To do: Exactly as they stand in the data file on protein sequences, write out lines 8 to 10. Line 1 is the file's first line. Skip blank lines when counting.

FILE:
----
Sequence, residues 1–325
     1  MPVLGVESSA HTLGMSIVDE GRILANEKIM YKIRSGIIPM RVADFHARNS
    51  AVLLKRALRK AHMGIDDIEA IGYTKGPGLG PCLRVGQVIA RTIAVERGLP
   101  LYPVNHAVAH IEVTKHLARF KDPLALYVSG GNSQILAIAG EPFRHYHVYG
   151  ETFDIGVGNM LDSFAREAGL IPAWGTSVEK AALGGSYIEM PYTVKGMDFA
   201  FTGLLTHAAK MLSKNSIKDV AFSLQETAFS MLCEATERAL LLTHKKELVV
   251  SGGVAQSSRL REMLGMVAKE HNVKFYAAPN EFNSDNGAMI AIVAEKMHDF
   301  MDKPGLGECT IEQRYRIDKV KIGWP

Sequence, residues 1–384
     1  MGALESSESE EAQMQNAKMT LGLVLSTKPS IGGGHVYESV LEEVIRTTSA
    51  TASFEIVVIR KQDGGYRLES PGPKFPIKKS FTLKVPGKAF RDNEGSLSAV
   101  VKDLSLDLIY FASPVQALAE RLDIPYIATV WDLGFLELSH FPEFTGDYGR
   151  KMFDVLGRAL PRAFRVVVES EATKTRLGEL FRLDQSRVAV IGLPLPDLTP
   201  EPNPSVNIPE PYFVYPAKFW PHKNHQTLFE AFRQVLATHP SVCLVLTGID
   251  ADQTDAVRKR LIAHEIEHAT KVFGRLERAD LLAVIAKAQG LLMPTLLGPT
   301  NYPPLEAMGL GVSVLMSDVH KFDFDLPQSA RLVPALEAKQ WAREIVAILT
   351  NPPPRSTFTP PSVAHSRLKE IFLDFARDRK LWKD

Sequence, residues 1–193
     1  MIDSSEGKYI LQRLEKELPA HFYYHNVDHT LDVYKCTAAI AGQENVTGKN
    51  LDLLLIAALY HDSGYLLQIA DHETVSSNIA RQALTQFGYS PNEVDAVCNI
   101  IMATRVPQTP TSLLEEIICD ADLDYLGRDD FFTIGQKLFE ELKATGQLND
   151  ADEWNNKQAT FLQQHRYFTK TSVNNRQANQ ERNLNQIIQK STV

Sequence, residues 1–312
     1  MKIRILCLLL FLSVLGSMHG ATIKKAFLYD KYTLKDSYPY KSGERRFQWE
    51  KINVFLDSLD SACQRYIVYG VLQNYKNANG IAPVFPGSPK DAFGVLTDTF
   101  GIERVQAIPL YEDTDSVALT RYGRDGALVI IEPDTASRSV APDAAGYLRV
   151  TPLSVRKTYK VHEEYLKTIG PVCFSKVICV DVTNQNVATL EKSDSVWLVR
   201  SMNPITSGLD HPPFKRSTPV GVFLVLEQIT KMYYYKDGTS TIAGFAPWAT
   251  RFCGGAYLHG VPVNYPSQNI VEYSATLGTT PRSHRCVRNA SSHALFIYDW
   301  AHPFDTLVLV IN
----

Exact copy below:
   301  MDKPGLGECT IEQRYRIDKV KIGWP

Sequence, residues 1–384
     1  MGALESSESE EAQMQNAKMT LGLVLSTKPS IGGGHVYESV LEEVIRTTSA